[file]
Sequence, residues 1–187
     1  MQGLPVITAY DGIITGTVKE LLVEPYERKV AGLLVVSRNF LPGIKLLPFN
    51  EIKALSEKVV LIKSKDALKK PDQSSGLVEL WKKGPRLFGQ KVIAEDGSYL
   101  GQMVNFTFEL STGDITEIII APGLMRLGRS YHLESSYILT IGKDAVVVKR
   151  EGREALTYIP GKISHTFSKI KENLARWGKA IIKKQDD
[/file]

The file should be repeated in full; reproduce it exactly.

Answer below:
Sequence, residues 1–187
     1  MQGLPVITAY DGIITGTVKE LLVEPYERKV AGLLVVSRNF LPGIKLLPFN
    51  EIKALSEKVV LIKSKDALKK PDQSSGLVEL WKKGPRLFGQ KVIAEDGSYL
   101  GQMVNFTFEL STGDITEIII APGLMRLGRS YHLESSYILT IGKDAVVVKR
   151  EGREALTYIP GKISHTFSKI KENLARWGKA IIKKQDD